Adding four custom status LEDs to the EPIA MII

August 19, 2009

In the course of my little EPIA MII project, I have to interface four custom LEDs which I connected to the MII’s internal parallel port connector. The LEDs are tri-state LEDs, that is, they can not be just turned on or off but can show three different colors, hence the name tri-state LEDs. The particular ones I bought can be either off or light in either green, orange or yellow. Naturally, green would be a good choice to indicate a “ready/everything’s right” condition, orange could indicate ongoing activity und yellow is a good candidate in case of errors. Each LED requires two pins plus a Ground connection, thus the eight data lines on the parallel port can drive four LEDs just fine.

Driving the LEDs could be done from within a userspace program. This would work just fine with the parallel port. However the code’s not just about driving the LEDs but also about detecting when to drive which LED (plus, in my case, in what colour). What can one do with four tri-state LEDs? I decided to go with the following:

  • The first LED is considered a “System” LED. It is initialized to orange by the Linux kernel as soon as the driver isĀ  loaded and switched to green by a boot script, when the system has finished booting. The LED however also indicates the RAID array status: the description given so far applies only when the md code determines that all software RAID arrays are in a healthy state. If at least one array is undergoing reconstruction, the LED will blink at a slow speed, retaining the previous colour. If an array loses a disk or is detected as degraded at bootup, the System LED will instead blink yellow at a high speed until a new drive is added. This way I don’t forget replacing failed hard disk drives.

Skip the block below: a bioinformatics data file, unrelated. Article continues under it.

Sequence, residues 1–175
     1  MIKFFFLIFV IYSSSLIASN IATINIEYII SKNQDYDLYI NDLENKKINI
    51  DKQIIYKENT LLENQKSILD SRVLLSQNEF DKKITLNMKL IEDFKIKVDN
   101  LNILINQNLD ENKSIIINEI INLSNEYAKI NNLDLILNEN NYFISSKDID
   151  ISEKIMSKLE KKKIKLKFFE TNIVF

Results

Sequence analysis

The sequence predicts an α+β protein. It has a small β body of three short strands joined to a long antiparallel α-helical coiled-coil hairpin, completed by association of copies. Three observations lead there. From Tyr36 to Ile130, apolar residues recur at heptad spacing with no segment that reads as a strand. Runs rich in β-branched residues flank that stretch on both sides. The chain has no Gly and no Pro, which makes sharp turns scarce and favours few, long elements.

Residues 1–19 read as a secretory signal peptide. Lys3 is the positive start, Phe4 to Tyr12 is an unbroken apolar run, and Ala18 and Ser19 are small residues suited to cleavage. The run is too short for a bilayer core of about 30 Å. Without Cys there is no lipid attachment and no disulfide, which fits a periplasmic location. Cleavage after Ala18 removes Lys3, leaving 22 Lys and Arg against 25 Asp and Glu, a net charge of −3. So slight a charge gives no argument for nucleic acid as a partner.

• The second LED is supposed to show the status of local network interfaces, that is, LAN and WLAN. It shows yellow if only one interface is up, green if both interfaces are up and orange if both interfaces are up and at least one client has associated to the system’s access point interface. A green or orange LED blinks to indicate traffic from or to either local interface.
  • The third LED reflects the “uplink” status. This could be DSL, cable modem or an upstream WLAN network. Orange would indicate that a connection is being established, green would indicate that a connection has been made and yellow represents connection failures. A blinking green LED indicates uplink traffic.
  • The fourth LED is called a “Media” LED. It is supposed to indicate whenever audio streaming is ready for connections (green LED) or in progress (orange LED). Yellow could indicate errors again, but the question is what error conditions that could be.
  • In case of a kernel panic, all four LEDs will blink yellow at a fast speed. This replaces blinking keyboard lights which I wouldn’t see in my project anyways, since there is no keyboard connected.

It should become obvious that safe for the last LED’s function, all functions require help from kernel space. Having the functionality in userspace might be technically possible, but it would probably be a lot harder. Therefore, I decided to realize the desired functionality in kernelspace by means of a loadable or statically compiled-in module.

While in theory this means a lot of custom design decisions, the Linux kernel already has a LEDs driver API which alleviates my task. I will go into details on this API and its shortcomings in an upcoming post.

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Posted in EPIA MII by Pieter Hollants

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